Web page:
A dental hygienist, also known as a registered dental hygienist (RDH), provides preventative dental care and diagnoses tooth and gum diseases. They use a variety of tools and instruments to do their work such as tooth polishing machines and oral x-ray equipment. Their duties involve assessing the patient’s condition, creating a treatment plan, performing dental work, and evaluating the results. The scope of their work is regulated by the state. Although the job duties may vary from state to state, they typically include:
- Cleaning teeth to remove stains, tartar, and plaque
- Protecting teeth by applying fluoride and sealants
- Taking x-rays to assist with diagnosis and treatment
- Educating patients about proper oral hygiene
- Managing and monitoring patient care and progress
In some states, dental hygienists are allowed to insert temporary fillings, carve filling materials, place periodontal dressings, and apply anesthesia. However, these duties may require additional training and certification.
Education and Certification
Dental hygienists must be licensed by the state, but requirements for this license vary. In general, a person must have obtained at least a certificate in dental hygiene from an accredited educational program. The most common type of degree obtained, though, is an associate’s. Bachelor’s and master’s degrees are also available and people interested in teaching, research, or practicing in school or public health programs usually pursue these advanced degrees.
These degree programs can be completed at community colleges. They typically involve classroom, clinical, and laboratory work. Typical coursework include physiology, radiography, anatomy, nutrition, and periodontology. High school students should take classes in chemistry, math, and biology if they are interested in getting into this line of work.
Another requirement for licensing is to pass a written and/or practical exam conducted by the state. For specific information about licensure in your state, contact your local medical or health board.
To be effective in your work as a dental hygienist, you must possess the following characteristics:
- Dexterity: You will be handling different types of dental instruments and maneuvering them in tight spaces. You must have good hand/eye coordination and be able to grasp and work with small and precise tools.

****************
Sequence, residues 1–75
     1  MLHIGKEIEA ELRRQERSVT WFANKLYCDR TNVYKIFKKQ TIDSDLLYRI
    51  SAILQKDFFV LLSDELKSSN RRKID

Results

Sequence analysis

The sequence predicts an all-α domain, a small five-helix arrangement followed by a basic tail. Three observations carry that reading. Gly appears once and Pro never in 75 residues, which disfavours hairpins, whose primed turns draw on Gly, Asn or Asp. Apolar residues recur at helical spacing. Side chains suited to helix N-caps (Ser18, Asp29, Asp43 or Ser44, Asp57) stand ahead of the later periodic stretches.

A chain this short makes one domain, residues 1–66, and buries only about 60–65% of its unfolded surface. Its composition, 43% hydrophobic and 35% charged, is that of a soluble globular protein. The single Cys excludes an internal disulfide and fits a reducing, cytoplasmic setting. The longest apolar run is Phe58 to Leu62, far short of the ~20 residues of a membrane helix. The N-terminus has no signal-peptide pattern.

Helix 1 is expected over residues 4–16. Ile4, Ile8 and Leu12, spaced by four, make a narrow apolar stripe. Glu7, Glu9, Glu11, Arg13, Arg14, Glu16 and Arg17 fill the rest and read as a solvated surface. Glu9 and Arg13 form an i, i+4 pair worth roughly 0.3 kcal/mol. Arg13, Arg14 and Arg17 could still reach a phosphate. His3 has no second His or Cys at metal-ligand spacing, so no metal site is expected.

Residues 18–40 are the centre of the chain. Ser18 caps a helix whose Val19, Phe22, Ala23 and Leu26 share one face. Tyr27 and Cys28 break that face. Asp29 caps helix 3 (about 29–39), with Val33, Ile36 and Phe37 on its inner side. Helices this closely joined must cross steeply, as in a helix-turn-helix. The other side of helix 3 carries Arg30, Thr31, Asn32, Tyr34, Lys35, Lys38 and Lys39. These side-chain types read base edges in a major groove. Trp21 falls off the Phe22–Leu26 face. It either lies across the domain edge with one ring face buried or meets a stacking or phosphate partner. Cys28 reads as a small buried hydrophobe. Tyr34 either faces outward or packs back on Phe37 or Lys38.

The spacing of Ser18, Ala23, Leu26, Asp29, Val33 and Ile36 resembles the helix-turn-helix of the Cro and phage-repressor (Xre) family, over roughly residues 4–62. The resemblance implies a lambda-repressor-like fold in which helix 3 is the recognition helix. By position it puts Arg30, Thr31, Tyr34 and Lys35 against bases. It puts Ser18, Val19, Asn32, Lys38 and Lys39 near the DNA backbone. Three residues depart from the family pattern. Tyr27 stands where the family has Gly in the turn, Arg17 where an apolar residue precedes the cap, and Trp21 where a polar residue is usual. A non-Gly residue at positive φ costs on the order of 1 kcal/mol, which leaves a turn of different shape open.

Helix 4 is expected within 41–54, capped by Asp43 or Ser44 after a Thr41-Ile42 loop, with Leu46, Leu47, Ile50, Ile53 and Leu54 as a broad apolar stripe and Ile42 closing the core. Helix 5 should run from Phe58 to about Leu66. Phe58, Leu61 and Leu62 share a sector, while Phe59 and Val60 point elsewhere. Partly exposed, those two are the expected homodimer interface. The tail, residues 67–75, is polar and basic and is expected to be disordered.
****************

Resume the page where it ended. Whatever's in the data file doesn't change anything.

- Interpersonal skills: Dental hygienists work closely with patients and other dental professionals. It is important to know how to interact with people in a calm and professional manner.
- Technical skills: You must be willing and able to operate complex equipment like x-ray machines and other complicated instrumentation.
- Detail oriented: Patient treatment and safety depends on the hygienist being able to follow directions and protocol and making note of information important to the diagnosis and treatment of disease.
- Stamina: You must be able to stand and bend over for long periods of time with reasonable accommodations.
Dental hygienists work in dentist offices with other dental professionals such as orthodontists and dental assistants. These offices are usually clean, organized, and well lit. While most dental offices have a steady flow of patients, there may be times during the year when the office is busier than usual, such as before the school year commences.
Dealing with the public puts dental hygienists at risk of contracting infectious diseases like the flu. To minimize the risk, you will wear gloves, face masks, safety glasses and other protective clothing. There is risk of exposure to radiation from x-rays but this can be minimized by following safety precautions.
Approximately 38% of dental hygienists work full time and 50% worked part time. To create a full-time schedule, many part-time hygienists work for multiple dentists. Dental hygienists enjoy flexible scheduling since they see patients by appointment but may be required to work on weekends.
Dental Hygienist Salary
In May 2010, the average salary for dental hygienists across the country was $68,250. The highest paid 10% earned $93,820 and the lowest paid 10% earned $45,000. The actual wage a person will make in this occupation depends on a variety of factors including education, location, and employer. In addition to their wages, many dental hygienists also enjoy health benefits, vacation, contributions to a retirement fund, and sick leave.
In 2010, there were 181,800 dental hygienist jobs. The number of job opportunities is expected to grow 38% by 2020. There are several things fueling this higher than average job growth. Dentists are hiring more and more hygienists to perform basic dental care so they can see more patients needing specialized work. An aging population seeking to retain their original teeth or obtain replacements is also a contributing factor. Advances in technology and research connecting oral health to overall health will lead to an increase in demand for dental health services.
However, the demand for dental services closely follows what is happening in the economy. Unfortunately, dental health is the service people put at the bottom of the list when they don’t have any money. Therefore, the availability of dental hygienist jobs may be negatively impacted when the economy is slow.